FCC to start auction roadshow, TV station visits in January

Reuters News
Posted: Nov 12, 2014 7:43 AM

By Alina Selyukh

WASHINGTON (Reuters) - U.S. Federal Communications Commission staff will hit the road in January for town halls and private meetings with TV station owners and investors to drum up interest in a major upcoming airwaves auction, according to a commission official familiar with the plan.

The FCC plans to travel to large, medium and small markets, making presentations to the broadcast community about the "incentive" auction of airwaves scheduled for mid-2016, which is expected to be the FCC's largest and most complex.

The auction's success hinges on television stations first volunteering to relinquish airwaves, for example by going off air or sharing frequencies with another station, so that the spectrum can be sold to clamoring wireless carriers.

Some of the largest TV networks have rejected the idea and many station owners have been leery of participating, unsure of the value of the sale or its risks.

The FCC has begun a drive to sway reluctant broadcasters, enlisting investment bank Greenhill & Co to compile a financial packet with estimates of what broadcasters in each geographic market could expect from participation.

Starting in January, FCC staff, including Incentive Auction Task Force leaders Gary Epstein and Howard Symons, and Greenhill banker Lawrence Chu, will meet with broadcasters, likely those in and around the top 30 or 40 biggest TV markets, to answer questions and explain the auction's prospects.

Auction officials also plan, upon request, to confidentially meet with station owners and major investors who express interest in the auction, the FCC official said. In those meetings, Greenhill and FCC experts could discuss potential compensation and other practical prospects of a particular station's participation.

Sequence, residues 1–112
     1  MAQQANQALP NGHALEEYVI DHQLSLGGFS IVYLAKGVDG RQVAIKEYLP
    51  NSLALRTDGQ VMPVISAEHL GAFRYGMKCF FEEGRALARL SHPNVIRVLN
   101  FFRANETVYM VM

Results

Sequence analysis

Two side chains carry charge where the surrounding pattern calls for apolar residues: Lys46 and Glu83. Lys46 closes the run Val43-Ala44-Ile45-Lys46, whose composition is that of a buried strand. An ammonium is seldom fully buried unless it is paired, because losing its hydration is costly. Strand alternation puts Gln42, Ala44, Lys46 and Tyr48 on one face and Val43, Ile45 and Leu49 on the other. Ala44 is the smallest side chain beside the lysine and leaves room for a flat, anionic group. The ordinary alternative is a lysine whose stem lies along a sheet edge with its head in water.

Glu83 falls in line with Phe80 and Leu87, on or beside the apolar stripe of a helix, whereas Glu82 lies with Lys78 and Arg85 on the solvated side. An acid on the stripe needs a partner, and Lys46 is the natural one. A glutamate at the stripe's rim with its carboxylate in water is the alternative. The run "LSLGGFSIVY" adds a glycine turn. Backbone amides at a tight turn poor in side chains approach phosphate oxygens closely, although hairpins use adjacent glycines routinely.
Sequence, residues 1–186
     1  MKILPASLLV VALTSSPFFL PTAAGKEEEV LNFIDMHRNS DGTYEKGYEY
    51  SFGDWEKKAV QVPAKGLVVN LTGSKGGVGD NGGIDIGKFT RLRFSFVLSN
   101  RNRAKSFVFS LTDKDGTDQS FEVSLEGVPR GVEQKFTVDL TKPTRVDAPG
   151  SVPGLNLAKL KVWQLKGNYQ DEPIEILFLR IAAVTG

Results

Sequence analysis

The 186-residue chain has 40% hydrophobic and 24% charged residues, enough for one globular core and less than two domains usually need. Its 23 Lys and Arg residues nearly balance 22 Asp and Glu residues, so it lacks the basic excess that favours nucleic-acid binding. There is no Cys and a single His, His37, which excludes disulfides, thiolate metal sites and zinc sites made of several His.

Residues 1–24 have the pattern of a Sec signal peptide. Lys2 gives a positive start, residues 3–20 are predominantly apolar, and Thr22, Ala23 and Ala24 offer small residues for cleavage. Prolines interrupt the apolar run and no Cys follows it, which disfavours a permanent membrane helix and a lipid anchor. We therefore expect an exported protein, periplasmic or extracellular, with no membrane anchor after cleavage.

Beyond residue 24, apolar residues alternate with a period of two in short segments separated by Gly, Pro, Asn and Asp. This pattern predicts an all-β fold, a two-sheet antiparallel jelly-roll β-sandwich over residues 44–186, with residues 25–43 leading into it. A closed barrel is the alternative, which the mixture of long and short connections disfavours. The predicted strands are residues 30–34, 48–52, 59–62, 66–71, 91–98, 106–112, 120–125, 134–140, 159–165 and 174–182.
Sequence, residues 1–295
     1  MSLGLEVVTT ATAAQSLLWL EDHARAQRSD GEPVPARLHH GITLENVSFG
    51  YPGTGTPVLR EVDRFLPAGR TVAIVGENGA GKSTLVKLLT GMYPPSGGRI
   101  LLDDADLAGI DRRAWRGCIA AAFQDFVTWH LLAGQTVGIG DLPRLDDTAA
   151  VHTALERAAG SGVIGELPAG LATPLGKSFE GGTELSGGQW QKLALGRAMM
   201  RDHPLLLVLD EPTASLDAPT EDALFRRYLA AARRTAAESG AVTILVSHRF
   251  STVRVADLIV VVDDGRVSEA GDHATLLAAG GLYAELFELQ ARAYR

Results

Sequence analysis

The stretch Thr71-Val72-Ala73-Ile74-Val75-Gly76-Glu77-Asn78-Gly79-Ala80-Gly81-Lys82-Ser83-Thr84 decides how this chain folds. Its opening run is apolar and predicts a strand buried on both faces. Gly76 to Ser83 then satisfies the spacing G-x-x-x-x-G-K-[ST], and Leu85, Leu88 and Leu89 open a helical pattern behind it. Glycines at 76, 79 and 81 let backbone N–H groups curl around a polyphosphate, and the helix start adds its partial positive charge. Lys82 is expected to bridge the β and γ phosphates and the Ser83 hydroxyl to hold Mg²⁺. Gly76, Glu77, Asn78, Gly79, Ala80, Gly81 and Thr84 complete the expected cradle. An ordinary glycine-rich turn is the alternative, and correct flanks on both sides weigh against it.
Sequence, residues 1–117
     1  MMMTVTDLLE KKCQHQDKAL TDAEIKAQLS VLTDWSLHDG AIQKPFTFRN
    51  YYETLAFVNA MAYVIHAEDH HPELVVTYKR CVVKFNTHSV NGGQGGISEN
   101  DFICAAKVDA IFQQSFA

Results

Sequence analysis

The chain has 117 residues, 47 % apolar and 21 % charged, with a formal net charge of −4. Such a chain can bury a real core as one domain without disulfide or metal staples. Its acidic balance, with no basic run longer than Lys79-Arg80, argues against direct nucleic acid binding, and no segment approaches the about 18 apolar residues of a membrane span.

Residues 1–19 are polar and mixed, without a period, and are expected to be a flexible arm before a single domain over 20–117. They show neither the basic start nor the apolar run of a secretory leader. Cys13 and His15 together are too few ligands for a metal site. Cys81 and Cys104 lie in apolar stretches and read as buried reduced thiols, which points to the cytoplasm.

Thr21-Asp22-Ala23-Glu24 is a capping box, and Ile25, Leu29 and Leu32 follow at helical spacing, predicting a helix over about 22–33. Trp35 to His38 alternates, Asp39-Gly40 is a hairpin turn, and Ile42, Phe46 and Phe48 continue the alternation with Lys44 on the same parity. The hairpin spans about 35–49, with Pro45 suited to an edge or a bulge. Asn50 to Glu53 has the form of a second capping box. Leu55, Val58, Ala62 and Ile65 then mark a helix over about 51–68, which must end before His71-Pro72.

Meetings with major investors could create pressure on some larger TV stations to consider auction participation more seriously, though it is unclear how big a role activist investors might play.

An FCC spokeswoman declined comment.

Since the release of Greenhill's packet on Oct. 1, broadcasters have reached out to the FCC a couple of times a day, with questions and inquiries, the FCC official said.

No broadcaster has so far committed to participation, but the official said the FCC was "very encouraged" by the outreach.

TV stations' formal applications are expected to be due the fall of 2015.

Epstein and Symons are also expected to discuss the roadshow and other auction details at a Wells Fargo Securities conference in New York on Thursday.

(Reporting by Alina Selyukh, editing by Ros Krasny and Andrew Hay)